September is Sepsis Awareness Month, and as part of a campaign to educate people about the condition, the Rory Staunton Foundation held its second annual National Forum in Washington, D.C., Sept. 16. Ciaran and Orlaith Staunton started the foundation after their 12-year-old son, Rory, died from septic shock. The organization's mission is to raise awareness of sepsis, a life-threatening medical condition that arises when the body's escalating attempt to fight an infection fails.
"Our first initiative is education and awareness," said Ciaran Staunton, who noted that more than 250,000 Americans die of sepsis each year but the government, and the Centers for Disease Control and Prevention in particular, has yet to allocate resources for prevention. The foundation's efforts are focused on educating health professionals about the signs, symptoms and best practices in treatment, as well as making the signs of sepsis as common to the public as those of stroke and heart attack. Ciaran Staunton pointed out that sepsis is the 10th-leading cause of death in the United States. and kills more people each year than AIDS, breast cancer and prostate cancer combined, but most of the public doesn't know about it.
AFT President Randi Weingarten, who took part in the event, let the crowd know that the AFT—which co-sponsored the forum— is working to build awareness of sepsis. "We have to make sure that there is more awareness in every place where we are—whether it's in prekindergarten-12 education or in states where we represent the majority of RNs who are organized. We have to raise the issue, and we have to talk about it."
To increase education, the foundation is promoting a teaching module that is being piloted in several schools in New York. "The modules explain what everyone needs to know when it comes to the signs of sepsis," said Ciaran Staunton. The foundation is also focused on getting legislation that would require states to mandate sepsis protocols in hospitals. The protocols, known as "Rory's Regulations," mandate that all hospitals in a state must adopt best practices for early identification and treatment because early detection is one of the most important factors in treating and curing sepsis. The foundation was successful in getting regulations passed in New York in 2013, and it hopes to implement these regulations in every state by 2020.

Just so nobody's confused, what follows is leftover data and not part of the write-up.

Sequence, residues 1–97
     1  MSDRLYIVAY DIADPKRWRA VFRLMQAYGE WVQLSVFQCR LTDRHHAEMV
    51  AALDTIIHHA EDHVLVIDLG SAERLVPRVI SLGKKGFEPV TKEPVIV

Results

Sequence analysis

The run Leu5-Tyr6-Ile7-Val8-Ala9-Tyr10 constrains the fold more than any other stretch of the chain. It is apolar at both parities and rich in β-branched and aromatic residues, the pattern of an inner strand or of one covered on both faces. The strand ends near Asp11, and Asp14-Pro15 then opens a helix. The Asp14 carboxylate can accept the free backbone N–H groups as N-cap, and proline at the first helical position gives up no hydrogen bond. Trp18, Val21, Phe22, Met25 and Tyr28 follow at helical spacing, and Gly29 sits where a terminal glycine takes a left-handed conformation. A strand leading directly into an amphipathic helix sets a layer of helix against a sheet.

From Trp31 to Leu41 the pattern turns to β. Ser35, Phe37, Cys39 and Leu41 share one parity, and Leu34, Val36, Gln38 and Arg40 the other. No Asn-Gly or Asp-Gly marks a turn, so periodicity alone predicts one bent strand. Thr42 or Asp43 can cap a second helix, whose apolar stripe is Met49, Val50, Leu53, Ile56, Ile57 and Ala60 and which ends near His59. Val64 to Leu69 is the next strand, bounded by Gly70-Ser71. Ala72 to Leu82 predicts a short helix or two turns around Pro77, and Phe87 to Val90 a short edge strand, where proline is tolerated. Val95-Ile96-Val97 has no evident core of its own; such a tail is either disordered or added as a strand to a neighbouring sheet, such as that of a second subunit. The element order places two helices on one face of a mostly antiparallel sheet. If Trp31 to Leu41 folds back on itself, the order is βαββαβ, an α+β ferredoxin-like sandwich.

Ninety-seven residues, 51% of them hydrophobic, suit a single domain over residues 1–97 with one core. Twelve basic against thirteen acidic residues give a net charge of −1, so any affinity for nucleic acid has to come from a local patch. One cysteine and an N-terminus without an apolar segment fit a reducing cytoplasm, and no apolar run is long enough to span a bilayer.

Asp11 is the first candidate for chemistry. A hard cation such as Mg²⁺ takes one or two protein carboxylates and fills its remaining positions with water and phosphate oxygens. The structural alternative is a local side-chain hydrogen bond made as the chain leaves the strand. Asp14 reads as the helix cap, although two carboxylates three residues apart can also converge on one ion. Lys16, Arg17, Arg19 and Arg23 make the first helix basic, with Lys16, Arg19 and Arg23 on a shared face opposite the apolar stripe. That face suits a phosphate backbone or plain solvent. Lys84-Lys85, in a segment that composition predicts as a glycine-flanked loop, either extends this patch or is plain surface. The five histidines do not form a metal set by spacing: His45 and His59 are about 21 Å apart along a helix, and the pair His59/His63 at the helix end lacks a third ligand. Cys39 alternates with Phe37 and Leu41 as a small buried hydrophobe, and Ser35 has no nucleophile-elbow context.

"The United Federation of Teachers helped lead the way to codify Rory's Regulations in New York. And our members across the country will continue to advance sepsis safeguards for patients and communities," said Weingarten. "Our members understand that investing in high-quality care and safe staffing go hand in hand with preventing deadly infections like those that can cause sepsis. Through our Patients Before Profits campaign, AFT nurses and health professionals are standing up for high-quality, affordable, accessible care in our communities, including lifesaving solutions to prevent and treat sepsis."
— Randi Weingarten (@rweingarten) September 16, 2015
Sen. Charles Schumer (D-N.Y.), who issued a joint statement with the AFT and also took part in the event, said that "sepsis costs our healthcare system billions of dollars each year and takes an unspeakable toll on American families affected by it. We have to do more." He noted that, although his home state has the protections of Rory's Regulations, "it's time we brought these commonsense protections—like reporting, training and evidence-based screening and treatment protocols—to patients across the country. We owe it to all the families like Rory's to raise awareness and advance solutions."